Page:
Jaguar Land Rover Devises Unique Test To Make Their Future Cars Pet-Friendly

Jaguar Land Rover has developed a unique 3D-printed dog paw to help engineers assess the durability of future cars from claw scratches.

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The Jaguar Land Rover additive manufacturing centre produces more than 80,000 parts a year for a variety of applications, including functional prototyping, design mock-ups and manufacturing assembly aids and fixtures. Jaguar Land Rover is also able to 3D print parts for production cars with the Jaguar XE SV Project 8 being one of the first to use them. The carmaker has now developed a unique 3D-printed dog paw to help engineers assess the durability of future cars – with a little help from Yogi the Labrador and the new Land Rover Defender.

Image_ 3D Printed Paw_RoboYogi

The ‘RoboYogi’ paw was used to test the rear bumper’s ability to withstand a dog’s claws scraping the paint before and after dog walks, with results showing it can withstand more than a decade of use by dogs – highlighting how the design process for Jaguar and Land Rover vehicles also consider the demands of owners’ lifestyles. Yogi the Labrador, a resident at the National Guide Dog Breeding Centre, was tasked with jumping in and out of the new Land Rover Defender boot, with every step recorded by pressure mapping technology. The data allowed the team to benchmark this real-world outdoor scenario against ‘RoboYogi’; from how a mid-sized dog clambers in and out, to the pressure applied by the claws and the pads on its feet.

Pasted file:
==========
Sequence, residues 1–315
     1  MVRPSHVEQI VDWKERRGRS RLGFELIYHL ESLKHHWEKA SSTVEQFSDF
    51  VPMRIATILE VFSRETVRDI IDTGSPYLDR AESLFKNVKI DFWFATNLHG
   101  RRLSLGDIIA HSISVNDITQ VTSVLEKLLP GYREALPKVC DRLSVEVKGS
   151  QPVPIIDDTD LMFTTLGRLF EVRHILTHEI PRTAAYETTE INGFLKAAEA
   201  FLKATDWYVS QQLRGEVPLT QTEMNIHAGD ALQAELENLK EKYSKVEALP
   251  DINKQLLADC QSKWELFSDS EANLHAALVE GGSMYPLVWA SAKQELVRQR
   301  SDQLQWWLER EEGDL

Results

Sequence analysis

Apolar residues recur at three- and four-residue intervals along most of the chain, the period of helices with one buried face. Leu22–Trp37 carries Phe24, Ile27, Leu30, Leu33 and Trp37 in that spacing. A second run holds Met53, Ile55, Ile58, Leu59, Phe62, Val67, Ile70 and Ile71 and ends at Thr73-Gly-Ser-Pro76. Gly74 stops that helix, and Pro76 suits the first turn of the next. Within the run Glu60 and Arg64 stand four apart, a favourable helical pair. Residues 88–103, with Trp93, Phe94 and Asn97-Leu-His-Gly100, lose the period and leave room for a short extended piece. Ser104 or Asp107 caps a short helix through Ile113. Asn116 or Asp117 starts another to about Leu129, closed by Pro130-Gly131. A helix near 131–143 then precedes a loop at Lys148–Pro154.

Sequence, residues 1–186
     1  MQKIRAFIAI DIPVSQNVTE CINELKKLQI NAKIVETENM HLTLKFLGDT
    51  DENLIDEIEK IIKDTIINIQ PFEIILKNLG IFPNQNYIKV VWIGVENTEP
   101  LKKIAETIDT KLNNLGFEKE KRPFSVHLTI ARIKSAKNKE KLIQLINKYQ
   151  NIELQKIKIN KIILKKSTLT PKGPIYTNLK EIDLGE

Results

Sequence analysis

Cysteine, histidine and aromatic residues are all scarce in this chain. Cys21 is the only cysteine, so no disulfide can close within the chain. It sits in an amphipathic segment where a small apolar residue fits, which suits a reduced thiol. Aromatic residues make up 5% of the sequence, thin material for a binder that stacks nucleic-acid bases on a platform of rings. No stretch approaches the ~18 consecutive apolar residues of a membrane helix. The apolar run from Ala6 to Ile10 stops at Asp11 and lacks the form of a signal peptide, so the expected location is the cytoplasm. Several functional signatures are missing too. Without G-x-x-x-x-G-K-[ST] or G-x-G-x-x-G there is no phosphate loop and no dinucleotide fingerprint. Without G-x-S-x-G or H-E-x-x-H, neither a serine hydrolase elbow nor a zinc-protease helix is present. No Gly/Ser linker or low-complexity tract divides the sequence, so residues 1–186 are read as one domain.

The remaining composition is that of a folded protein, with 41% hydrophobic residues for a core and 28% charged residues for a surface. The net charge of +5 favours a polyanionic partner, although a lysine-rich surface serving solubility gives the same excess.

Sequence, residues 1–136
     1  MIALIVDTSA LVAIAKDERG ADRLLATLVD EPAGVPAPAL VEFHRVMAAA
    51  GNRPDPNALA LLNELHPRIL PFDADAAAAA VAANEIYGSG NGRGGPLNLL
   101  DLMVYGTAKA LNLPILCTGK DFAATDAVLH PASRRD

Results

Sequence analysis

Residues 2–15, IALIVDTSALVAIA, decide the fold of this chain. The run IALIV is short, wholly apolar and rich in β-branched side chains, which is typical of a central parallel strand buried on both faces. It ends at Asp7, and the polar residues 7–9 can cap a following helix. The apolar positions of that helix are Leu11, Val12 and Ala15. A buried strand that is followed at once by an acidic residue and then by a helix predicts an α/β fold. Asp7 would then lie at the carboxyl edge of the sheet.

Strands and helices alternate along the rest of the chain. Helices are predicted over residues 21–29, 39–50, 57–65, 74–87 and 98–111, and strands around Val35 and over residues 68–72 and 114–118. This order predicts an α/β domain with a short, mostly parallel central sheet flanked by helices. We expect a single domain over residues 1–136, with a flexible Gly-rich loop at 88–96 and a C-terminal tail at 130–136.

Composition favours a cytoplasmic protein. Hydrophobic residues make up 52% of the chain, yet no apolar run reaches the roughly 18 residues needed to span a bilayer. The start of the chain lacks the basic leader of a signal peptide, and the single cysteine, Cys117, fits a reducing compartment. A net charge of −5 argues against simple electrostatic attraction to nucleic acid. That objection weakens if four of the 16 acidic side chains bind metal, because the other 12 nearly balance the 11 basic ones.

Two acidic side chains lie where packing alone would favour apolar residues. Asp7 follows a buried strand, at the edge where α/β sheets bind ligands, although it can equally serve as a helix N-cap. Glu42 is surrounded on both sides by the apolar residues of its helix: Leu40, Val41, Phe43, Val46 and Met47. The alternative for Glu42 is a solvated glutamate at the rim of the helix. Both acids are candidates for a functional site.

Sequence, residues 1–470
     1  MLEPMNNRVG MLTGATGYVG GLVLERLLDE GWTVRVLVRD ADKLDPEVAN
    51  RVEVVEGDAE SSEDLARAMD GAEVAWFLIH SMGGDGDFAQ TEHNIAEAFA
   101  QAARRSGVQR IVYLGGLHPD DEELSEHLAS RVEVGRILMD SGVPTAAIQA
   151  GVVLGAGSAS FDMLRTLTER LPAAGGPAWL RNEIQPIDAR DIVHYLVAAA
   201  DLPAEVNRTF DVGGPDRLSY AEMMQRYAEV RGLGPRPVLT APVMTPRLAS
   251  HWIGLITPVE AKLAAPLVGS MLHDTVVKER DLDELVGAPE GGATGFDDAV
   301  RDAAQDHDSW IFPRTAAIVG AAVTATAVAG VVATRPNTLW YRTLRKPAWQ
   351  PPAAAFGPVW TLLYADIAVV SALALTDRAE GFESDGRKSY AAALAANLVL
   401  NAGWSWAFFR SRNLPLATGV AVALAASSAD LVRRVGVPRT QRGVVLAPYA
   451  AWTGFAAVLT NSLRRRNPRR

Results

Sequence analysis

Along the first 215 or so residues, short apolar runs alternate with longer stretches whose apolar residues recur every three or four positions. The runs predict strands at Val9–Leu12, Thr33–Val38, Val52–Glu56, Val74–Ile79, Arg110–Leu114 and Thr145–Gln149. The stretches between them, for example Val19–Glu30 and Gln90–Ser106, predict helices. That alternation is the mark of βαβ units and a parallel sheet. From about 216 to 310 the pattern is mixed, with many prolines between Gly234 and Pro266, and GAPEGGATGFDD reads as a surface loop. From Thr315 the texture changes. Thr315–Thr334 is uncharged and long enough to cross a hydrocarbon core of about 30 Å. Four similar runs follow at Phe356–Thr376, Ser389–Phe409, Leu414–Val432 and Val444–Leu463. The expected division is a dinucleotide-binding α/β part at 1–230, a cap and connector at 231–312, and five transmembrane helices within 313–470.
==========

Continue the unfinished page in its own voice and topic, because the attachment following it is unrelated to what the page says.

Also Read: The New Jaguar F-Type Is Here And It Looks Angry

Image_ Yogi the Labrador

Yogi’s paw was then used to model and 3D-print a spring-loaded replica, allowing the claws to follow contours and apply pressure evenly across the bumper. Spring-loaded claws also proved a cost-effective solution as they are easily replaceable. The life-like paw is now used by Jaguar Land Rover to complete a standard 5,000 cycle abrasion test; during which ‘RoboYogi’ scratches the panel at random ten times followed by a linear scratch to one side, before repeating the process.

Image_ New Land Rover Defender

The new Land Rover Defender proved to be the ideal testbed because of its iconic side-hinged door featuring a flat rear bumper for dogs to climb onto, compared to the more traditional split tailgate or rounded boot opening on other Land Rover models. Land Rover priorities the comfort and convenience of our furry-friends and offers a range of Pet Packs on the Discovery, including a full-height luggage partition, a loadspace rubber mat, and loadspace liner tray.

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